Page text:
“Diversity can never be the result of consolidation. It doesn’t work that way.”
– Darryl Parks (You can quote me on this)
Perry Michael Simon wrote a great piece on All Access.com last Friday explaining how radio would have ended up in the shape it’s in today…consolidation or no consolidation…big companies or little mom and pop companies. It’s the road taken that would have been different. I have to agree with him.
The technological advances in other mediums, that radio in its arrogance has ignored until it’s almost too late, would have happened whether there were strict ownership limits or not. Candidly, consolidation at least gives the radio industry a fighting chance against so-called “new media.” If it were still an industry made up of mom and pop ownership, radio could not compete with the likes of Pandora, YouTube or iTunes.
There’s nothing wrong with progress, you can’t stop it. Progress and evolution are a natural order of things. There’s nothing wrong with technology and its advances, you can’t stop that either. We can’t wish for the good old days, because that’s not where the consumer resides today. They live with their smartphones in hand and tablets under arm. I have both and always travel with my MacBook Air too. The consumer is connected 24/7. For any industry to survive it has to adapt. The consumer is always searching for something new, shiny and cool to make their lives easier, better and more interesting.
Even though you’ve been repeatedly told differently about the creation of diversity in ownership and programming by industry mouthpieces, consolidation of radio ownership was always going to reduce the industry down to a handful of big companies owning all the best facilities in markets, a few smaller companies owning the scraps and the same songs and the same talk programs on station after station. All you had to do (back in the day) was do the math. It will take a few more years and the handful of companies remaining will be reduced down to just a couple and thousands of more jobs will be lost. It will happen.
Big company consolidators, cut throat Private Equity vagabonds and the banks willing to loan them money were attracted by the high margins that would be created through consolidation. Only it didn’t work out that way and the business struggles because of high debt, massive lay-offs, low pay, little new blood and no incentives to create new, forward thinking products.
In 2014 we now know the economic realities that were unforeseen when the Telecommunications Act of 1996 was signed into law by President Bill Clinton, the bill that opened the flood gates of consolidation.
This morning I read the National Association of Broadcasters’ (NAB) latest 187 pages of thoughts to the Federal Communications Commission (FCC) once again using the same 40 year old logic for relaxed ownership limits. The NAB still maintains that even larger ownership groups using “consolidation” will promote “diversity” in ownership and programming.
Let me define a few words for the NAB lobbyists bought and paid for by the mega media owners.
“Consolidation” is about combining. Unification of resources. Consolidation results in reduction. By definition, consolidation won’t allow for risk. Consolidation promotes sameness or status quo.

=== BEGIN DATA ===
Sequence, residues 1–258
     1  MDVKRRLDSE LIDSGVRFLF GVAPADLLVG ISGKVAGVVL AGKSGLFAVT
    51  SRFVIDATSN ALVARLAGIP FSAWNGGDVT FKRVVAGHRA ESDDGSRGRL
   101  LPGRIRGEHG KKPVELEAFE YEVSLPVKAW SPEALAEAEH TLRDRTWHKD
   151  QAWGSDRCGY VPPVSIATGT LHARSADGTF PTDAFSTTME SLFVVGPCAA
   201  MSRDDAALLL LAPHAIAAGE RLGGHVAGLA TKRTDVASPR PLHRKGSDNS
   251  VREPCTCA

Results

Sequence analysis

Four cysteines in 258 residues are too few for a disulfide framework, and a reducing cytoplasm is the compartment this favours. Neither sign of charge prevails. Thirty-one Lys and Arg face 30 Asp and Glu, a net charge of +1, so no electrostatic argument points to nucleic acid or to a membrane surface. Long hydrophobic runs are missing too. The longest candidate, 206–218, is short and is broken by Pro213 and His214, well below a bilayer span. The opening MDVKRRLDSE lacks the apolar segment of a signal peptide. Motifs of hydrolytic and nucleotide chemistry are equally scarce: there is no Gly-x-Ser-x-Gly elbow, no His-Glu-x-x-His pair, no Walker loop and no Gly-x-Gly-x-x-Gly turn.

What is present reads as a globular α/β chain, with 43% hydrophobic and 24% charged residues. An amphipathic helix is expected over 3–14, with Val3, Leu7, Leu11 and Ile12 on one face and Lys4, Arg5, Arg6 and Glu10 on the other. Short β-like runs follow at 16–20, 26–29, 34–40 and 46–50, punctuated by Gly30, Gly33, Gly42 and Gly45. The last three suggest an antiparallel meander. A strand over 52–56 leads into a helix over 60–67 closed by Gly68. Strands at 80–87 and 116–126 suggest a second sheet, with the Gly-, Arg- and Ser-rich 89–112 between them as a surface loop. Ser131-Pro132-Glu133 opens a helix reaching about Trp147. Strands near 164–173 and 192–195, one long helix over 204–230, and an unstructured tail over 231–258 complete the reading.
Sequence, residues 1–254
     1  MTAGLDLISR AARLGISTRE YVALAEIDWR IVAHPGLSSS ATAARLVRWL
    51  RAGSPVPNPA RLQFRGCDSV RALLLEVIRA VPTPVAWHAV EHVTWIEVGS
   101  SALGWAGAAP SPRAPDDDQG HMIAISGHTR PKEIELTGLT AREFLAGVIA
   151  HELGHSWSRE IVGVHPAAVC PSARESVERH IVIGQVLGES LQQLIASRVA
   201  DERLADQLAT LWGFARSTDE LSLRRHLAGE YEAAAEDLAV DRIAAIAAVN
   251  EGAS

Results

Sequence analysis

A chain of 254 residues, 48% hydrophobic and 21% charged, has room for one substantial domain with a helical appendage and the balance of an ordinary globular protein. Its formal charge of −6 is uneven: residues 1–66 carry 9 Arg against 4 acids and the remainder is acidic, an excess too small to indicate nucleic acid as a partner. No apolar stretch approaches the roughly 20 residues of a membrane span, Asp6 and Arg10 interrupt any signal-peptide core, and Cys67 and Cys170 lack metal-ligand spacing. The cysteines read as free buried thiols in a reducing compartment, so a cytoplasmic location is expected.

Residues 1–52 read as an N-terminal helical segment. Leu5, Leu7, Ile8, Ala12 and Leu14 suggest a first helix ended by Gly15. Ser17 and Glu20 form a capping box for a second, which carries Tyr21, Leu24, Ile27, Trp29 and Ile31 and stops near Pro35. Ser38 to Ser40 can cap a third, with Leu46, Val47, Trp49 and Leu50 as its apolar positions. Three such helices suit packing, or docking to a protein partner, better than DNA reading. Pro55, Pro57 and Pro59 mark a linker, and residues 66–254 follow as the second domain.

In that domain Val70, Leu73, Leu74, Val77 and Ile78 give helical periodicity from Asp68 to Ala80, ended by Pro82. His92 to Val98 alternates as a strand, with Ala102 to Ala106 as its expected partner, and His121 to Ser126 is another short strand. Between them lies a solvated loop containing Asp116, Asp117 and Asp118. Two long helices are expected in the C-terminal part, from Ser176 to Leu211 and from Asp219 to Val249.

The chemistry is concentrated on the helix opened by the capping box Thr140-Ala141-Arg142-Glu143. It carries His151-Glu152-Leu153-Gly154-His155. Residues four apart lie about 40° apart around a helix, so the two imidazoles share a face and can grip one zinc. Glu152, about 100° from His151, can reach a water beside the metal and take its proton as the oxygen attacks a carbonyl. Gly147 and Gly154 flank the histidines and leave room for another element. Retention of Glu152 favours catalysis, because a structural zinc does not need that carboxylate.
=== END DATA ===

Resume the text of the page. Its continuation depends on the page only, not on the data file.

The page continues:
“Diversity” is about expansion, variety and differences. With diversity, risk taking is encouraged. Diversity promotes differences and discourages the status quo.
With a straight face the NAB continues the propaganda that allowing greater reach of consolidated media ownership in markets and more consolidation of radio and TV stations and newspapers it will promote diversity in ownership and diversity in programming. I must say they fib with the best of the politicians and considering their offices are in Washington, D.C., they can’t ask for better training. Those hefty lobbyist salaries and nice Washington offices are paid for by the very mega media companies wanting a few more radio and TV stations on their ownership list, so the NAB has to keep parroting the propaganda. “Pravda” would be proud.
“Purposefully depressing the value of broadcast stations through ownership limitations only makes it more difficult for current licensees to maintain operating capital in order to compete or for possible new entries to secure funding.”
In fairness, much of this document is about broadcast television and was crafted by the NAB for the FCC’s quadrennial ownership regulations reviews. The FCC won’t be considering any action until mid-year 2016. Wait. There’s an election that November! Make that 2017.
In the Radio Act of 1927, a clause was included for the first time meant to be the “operational standard” in holding a broadcast license. Stations were to operate in the “public interest, convenience and necessity.” The meaning of this clause is very clear (to me at least).
Sadly, in the almost 90 years since it was first enacted, political forces, now led by the NAB, continually try to redefine that simple phrase from 1927 for their own personal gain to the exclusion of the “public.”
Please like and share this blog.
Get more insight and thoughts in 140 characters on Twitter by following me @darryl_parks